1. All copyrights expire at the end of their term. After a copyright has expired the work enters into the public domain, meaning that it is no longer protected by copyright and is free for anyone to use. (“Public Domain” is not a well understood term and is frequently misused.) The terms of copyright have been extended a number of times over the years. The most recent, and longest, term of copyright is the life of the author PLUS 70 years. For that reason 70 years is not a reliable indicator of the expiration date of the copyright owned by a living person. Figuring out whether something is in the public domain is a tricky process. There is helpful and reliable information on the Copyright Office website, http://www.copyright.gov.

  5. I decided to share this article on my Facebook timeline. I hope that is acceptable. Many of my “friends” are writers, editors and publishers, so I thought it important to get the word around.



  6. Deleted it just to be safe. I didn’t want to inadvertently commit any violation, even though countless article links are posted throughout Facebook every single day.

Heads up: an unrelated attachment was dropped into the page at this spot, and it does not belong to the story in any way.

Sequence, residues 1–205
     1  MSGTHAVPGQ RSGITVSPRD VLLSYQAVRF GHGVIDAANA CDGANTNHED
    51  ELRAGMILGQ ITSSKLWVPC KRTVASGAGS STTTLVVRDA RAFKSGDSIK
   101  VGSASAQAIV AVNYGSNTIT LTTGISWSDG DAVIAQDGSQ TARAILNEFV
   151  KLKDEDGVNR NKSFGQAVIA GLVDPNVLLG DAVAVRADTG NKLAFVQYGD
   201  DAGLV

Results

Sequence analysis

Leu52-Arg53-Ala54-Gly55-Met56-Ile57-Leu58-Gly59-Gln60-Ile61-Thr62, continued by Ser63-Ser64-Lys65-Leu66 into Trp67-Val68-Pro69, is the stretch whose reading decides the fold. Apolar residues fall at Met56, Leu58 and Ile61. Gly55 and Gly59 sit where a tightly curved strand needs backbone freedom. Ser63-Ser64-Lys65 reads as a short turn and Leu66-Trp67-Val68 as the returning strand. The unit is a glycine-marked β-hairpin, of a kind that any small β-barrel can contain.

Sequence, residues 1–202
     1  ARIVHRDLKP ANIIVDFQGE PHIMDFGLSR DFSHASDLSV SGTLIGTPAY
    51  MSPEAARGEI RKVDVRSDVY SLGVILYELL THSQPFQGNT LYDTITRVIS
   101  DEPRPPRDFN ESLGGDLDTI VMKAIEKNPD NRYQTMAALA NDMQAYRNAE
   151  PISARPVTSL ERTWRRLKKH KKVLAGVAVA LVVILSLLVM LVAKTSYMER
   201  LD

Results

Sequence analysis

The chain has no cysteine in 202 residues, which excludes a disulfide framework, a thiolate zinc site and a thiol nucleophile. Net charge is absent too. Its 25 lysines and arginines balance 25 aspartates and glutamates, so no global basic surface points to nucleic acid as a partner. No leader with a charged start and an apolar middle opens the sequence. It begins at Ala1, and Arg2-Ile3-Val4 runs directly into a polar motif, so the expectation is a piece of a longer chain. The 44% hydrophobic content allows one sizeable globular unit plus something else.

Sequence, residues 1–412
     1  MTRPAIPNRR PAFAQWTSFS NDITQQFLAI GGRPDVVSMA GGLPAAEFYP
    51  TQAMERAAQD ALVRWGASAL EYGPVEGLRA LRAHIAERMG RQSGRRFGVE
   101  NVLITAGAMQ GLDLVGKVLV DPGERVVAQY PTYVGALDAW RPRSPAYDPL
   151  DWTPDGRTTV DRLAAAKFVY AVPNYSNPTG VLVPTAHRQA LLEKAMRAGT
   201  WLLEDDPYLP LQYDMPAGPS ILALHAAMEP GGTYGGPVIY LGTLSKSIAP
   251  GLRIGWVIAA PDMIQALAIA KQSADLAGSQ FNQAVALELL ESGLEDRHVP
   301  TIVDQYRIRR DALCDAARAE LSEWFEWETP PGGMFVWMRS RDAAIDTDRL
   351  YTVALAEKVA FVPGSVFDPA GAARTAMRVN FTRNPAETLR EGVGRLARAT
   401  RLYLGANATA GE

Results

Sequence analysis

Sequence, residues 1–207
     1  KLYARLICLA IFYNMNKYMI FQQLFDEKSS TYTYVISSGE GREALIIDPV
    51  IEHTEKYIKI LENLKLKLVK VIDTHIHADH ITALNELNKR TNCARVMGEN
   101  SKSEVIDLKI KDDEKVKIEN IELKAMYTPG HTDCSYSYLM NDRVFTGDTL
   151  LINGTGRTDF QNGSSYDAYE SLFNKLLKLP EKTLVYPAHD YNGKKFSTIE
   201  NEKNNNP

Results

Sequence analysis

By the way, I am a professional freelance writer and seasoned editor, so I take this seriously.

    Take care.

    1. Mark, you can share a link to this post on your timeline, but you can’t copy and paste the entire article.


      1. Thank you, Sandra. The fact that others do this should tip one off. As a writer and editor of former publications, I knew about the links a while ago. I guess I was feeling a bit paranoid yesterday. Sorry.


        1. I completely understand, Mark! You are smart to err on the “safe” side! Thanks for commenting. I appreciate it.


      2. Thanks for that defining advice Sandra. On reading through all of this information I was beginning to get a bit paranoid that I may have done something wrong after all. Yesterday I posted a couple of links on my blog and was beginning to wonder if I had breached copyright. I am always very mindful of doing the right thing, so pleased to read that a link is ok. Feeling relieved, Sandra